China’s economy expanded 6.9% in the second quarter, beating the government’s target due to unexpected strength in the property market. Economic surprise came on the upside given the extent of monetary tightening over the past year. Supporting the economic reading, industrial production rose 7.6% in June and 6.9% for the 1H17 from a year earlier. Fixed asset investments rose 8.6%. The data bodes positively for private sector capex amid evidence of a strong pickup in orders for domestic and export SME. Economic growth figures provide Beijing with support for greater policy maneuvering and the space to address reform.
At the National Financial Work Conference this month, President Xi called for a stronger financial stability framework with the PBOC to play a bigger role, underlining the need to control risk and tackle excess leverage. On 4 July, China’s central bank published the 2017 financial stability report. While describing the overall economic development as stable and healthy, the PBOC highlighted a list of risky areas and vowed to give more emphasis to financial risk management. In our assessment, the PBOC and other regulatory bodies will continue to pursue a more comprehensive financial regulatory structure and take pre-emptive steps towards risky areas while maintaining the balance between growth stability and financial risk management.
We highlight two key elements of India’s GST rollout: the economic and political components. While November’s demonetization did not derail the economy, the impact did soften economic momentum. We believe that GST is likely to keep the economy in a short-lived soft patch. However, a pullback in energy prices and a favourable monsoon should keep purchasing power and disposable income at an elevated level. The political component reflects PM Modi’s ongoing reform efforts which support market valuations. Together, the pickup in government revenue and expansion of the tax base should help push public spending going forward. HSBC estimates that the reform could add 0.4 percentage points to economic growth.
Strong trade tailwinds should continue to benefit the North Asian export markets of South Korea and Taiwan. The tech sector will see a renewed product launch cycle, including the iPhone 8, as well as extended semiconductor demand for DRAM memory from smart initiatives including artificial intelligence and voice recognition technology. A stable oil price environment supports ASEAN equities, alleviating pressure on fiscal deficits as many Southeast Asian economies look to withdraw legacy public subsidies. State fund reallocation becomes more critical as weakening agriculture and commodity prices place the onus on public spending for much needed infrastructure projects. Central bank interest rate cuts appear limited due to concerns about capital outflow and currency stability amid significant external risks. Hikes are unlikely until there is a sustainable recovery in investments.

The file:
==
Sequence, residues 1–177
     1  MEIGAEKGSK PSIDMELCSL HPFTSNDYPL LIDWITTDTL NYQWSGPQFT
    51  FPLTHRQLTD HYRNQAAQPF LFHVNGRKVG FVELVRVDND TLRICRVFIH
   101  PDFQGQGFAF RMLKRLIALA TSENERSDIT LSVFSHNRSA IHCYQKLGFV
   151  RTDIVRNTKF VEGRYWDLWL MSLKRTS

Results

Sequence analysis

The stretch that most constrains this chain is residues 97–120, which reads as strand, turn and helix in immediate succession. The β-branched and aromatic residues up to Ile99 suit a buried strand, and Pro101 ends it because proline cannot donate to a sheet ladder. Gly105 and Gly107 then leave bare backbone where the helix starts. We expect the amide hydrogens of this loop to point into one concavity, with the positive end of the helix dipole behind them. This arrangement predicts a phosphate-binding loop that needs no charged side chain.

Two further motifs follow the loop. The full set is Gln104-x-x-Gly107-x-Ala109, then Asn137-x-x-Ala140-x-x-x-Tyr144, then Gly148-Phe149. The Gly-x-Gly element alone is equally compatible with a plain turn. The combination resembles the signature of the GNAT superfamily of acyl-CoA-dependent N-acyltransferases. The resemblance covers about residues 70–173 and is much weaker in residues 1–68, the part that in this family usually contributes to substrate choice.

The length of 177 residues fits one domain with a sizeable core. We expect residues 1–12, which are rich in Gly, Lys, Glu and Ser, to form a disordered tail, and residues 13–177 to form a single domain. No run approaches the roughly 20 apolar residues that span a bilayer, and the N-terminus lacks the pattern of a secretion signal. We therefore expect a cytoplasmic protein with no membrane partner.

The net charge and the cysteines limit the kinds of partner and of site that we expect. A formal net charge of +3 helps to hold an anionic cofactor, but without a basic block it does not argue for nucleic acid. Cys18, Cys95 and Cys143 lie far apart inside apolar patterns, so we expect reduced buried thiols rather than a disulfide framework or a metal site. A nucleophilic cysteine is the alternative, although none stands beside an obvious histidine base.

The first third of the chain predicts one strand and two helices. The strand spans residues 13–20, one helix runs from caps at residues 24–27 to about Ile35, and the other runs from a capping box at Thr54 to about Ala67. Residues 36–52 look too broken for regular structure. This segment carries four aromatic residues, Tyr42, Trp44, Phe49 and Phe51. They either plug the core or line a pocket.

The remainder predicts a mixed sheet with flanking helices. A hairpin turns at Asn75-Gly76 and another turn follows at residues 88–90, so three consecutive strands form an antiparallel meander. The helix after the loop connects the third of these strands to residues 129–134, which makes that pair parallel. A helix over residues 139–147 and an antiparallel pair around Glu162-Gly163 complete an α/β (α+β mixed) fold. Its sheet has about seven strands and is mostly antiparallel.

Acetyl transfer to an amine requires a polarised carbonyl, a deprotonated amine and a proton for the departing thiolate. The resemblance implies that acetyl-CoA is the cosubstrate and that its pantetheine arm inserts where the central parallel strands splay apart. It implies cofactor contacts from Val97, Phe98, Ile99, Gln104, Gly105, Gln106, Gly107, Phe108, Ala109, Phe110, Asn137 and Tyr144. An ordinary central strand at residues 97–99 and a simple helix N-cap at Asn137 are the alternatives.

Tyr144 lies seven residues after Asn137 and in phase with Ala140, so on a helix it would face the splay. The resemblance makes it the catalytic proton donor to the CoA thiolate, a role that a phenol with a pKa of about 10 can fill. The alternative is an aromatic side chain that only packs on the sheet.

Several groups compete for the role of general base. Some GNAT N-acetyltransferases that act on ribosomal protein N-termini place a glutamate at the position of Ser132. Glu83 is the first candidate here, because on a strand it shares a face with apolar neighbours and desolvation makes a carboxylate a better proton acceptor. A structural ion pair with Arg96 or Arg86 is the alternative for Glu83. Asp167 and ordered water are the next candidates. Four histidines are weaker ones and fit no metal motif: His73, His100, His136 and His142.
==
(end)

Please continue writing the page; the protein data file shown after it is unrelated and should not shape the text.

Across Asia, foreign exchange reserves and capital adequacy ratios remain at healthy levels and provide sufficient liquidity, paring actions taken by global central banks when markets worry over another taper tantrum. Looking at the remainder of Trump’s first year in office, challenges remain; however, any near-term correction in Asian markets should be viewed as an attractive entry point given that the current policies implemented aim to support the medium and longer-term outlook. Low interest rates and strong corporate results are conditions for a buoyant market to be in place.
Fund Manager - Asia